The specular component is responsible for sharp mirror-like reflection
from a surface. It can be expressed as a product:

dI_{r,sp} = |F|^{2} • e^{-g} • S • I_{i}

(5)

where |F|^{2} is the Fresnel reflectivity, which is a function of the
incidence angle
and the refractive index n of the
material, g is a function of the surface roughness, and S is a
geometrical shadowing function.

The following interactive display illustrates how the Fresnel term
|F|^{2} varies with θ_{i}
and n. The incidence angle θ_{i}
is evaluated at the center of the incident light cone on
the left. The length of the cone of reflection on the right is
proportional to the magnitude of |F|^{2.}
The solid-line semicircle
is of unit radius and is included for reference.

Figure 6: Interactive display of Fresnel term
|F|^{2.} Double click the figure to activate the
control panel; click “Play” to activate a
demonstration.

The function g, which depends on the effective surface roughness
σ, is given by:

Within the specular cone,
cosθ_{i} = cosθ_{r},
and g reduces to
g = (4πσ cosθ_{i}/λ)^{2}.
The influence of
roughness is then described by the group σ cosθ_{i}/λ,
which is the ratio of the
projected effective roughness to the wavelength, also known as the
“apparent” roughness. The roughness parameters
σ and τ
are shown schematically in Figure 7. The projection of the effective
roughness into the incident light direction is
σ cos θ_{i}.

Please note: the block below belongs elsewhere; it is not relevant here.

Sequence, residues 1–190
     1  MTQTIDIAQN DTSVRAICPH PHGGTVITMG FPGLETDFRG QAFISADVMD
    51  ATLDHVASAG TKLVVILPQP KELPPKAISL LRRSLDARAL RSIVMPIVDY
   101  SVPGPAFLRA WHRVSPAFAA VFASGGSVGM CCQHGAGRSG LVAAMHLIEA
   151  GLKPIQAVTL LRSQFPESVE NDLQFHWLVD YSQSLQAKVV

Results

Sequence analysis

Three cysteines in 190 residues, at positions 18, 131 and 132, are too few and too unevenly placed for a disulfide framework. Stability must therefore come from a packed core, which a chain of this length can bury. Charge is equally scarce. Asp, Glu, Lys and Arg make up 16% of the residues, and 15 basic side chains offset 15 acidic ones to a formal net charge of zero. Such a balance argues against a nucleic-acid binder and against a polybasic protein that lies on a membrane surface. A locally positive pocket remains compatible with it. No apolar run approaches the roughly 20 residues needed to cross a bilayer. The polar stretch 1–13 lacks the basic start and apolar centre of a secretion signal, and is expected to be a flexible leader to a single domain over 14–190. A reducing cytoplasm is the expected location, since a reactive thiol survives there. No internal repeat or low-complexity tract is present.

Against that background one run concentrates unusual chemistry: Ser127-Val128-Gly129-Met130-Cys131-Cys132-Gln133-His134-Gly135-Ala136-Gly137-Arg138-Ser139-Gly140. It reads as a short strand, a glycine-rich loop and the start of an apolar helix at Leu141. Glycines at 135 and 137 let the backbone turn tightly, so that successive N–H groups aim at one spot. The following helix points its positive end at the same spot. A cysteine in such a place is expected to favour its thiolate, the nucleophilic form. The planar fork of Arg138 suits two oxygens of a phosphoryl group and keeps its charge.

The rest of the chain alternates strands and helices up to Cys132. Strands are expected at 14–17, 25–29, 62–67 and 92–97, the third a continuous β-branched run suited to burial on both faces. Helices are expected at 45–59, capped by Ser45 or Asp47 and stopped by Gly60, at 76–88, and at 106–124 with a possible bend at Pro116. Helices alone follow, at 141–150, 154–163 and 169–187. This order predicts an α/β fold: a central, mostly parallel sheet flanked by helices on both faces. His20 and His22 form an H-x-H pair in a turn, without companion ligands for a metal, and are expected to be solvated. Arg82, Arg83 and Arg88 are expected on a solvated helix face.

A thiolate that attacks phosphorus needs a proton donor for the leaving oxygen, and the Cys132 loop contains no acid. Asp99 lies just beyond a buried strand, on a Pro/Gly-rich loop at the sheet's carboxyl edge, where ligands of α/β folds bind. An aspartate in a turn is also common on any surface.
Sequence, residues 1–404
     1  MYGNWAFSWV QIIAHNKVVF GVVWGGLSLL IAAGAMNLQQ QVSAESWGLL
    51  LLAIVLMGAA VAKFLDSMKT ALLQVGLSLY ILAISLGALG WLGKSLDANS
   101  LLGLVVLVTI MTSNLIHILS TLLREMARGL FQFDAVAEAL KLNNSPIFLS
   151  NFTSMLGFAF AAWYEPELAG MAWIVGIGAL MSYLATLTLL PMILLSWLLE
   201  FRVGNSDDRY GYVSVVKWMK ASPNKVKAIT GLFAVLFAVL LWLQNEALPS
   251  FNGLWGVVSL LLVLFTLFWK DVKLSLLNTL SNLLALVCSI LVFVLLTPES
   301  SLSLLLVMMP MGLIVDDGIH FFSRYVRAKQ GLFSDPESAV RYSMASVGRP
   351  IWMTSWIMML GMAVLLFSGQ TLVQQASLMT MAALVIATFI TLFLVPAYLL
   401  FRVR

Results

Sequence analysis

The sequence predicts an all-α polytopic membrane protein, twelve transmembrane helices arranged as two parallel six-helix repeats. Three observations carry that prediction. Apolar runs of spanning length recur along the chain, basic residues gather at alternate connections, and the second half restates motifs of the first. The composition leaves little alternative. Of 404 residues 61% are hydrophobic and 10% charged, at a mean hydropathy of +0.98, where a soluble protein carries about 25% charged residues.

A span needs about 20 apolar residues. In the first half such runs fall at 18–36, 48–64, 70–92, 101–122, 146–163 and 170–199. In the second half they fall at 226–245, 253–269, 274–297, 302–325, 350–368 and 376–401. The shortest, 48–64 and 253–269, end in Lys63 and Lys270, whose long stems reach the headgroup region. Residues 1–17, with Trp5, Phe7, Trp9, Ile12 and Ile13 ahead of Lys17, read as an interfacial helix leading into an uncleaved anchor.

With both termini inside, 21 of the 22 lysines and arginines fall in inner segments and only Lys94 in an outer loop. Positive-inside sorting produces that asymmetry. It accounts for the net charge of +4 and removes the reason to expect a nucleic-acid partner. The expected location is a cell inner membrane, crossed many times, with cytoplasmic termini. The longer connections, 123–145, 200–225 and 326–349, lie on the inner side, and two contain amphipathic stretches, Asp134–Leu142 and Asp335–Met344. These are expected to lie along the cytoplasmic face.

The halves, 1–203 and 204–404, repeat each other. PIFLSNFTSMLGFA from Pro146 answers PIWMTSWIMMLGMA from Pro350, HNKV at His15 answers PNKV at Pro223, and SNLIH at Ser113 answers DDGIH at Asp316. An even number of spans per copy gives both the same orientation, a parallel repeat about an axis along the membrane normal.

A surface appears rough or smooth to an incident light wave depending
upon whether the apparent roughness is large or small, respectively.
Note that all surfaces appear smooth as the incident light approaches
grazing angles, that is, as
θ_{i}
approaches 90° and cos θ_{i}
approaches zero.

Figure 7: Schematic of rough surface and incident light wave

The interactive figure below illustrates how the exponential
e^{-g} varies with θ_{i}, σ, τ
and τ.
The effective roughness σ
is generally smaller than the root-mean-square vertical surface roughness
height σ_{0}
due to shadowing effects.
Although σ
is a function of
θ_{i}, θ_{r}, τ,
and σ_{0},
it is found that σ depends primarily on
σ_{0}
[HE91].
For this reason,
σ_{0}
is the parameter varied on the
“sigma” slider of the control panels. The
τ-dependence of
e^{-g}
arises from the secondary dependence of the effective
roughness σ
on τ.
In Figure 8, the solid-line semicircle
is the unit hemisphere. The length of the cone of reflection is
proportional to e^{-g}.
A statistically-generated Gaussian rough
surface topography is shown schematically, with the vertical scale
amplified with respect to the horizontal (by about a factor of ten).

Figure 8: Interactive display of
e^{-g} term. Double click the figure to activate.

The shadowing term S is illustrated below. It varies with
σ_{0} and τ.
The solid-line semicircle is the unit hemisphere,
representing the limit of no shadowing. The function S is defined in
[HE91].

Figure 9: Interactive display of shadowing term S

Finally, let's see how the entire specular component
dI_{r,sp}
varies with the parameters
θ_{i}, σ, τ, λ
material. The length of the cone of reflection on the right side in
Figure 10 is proportional to dI_{r,sp}.
The solid-line semicircle
has a radius equal to the incident radiance, I_{i}.
This limit is achieved for ideal-specular, 100%
reflection of the incident beam.

Figure 10: Interactive display of entire specular term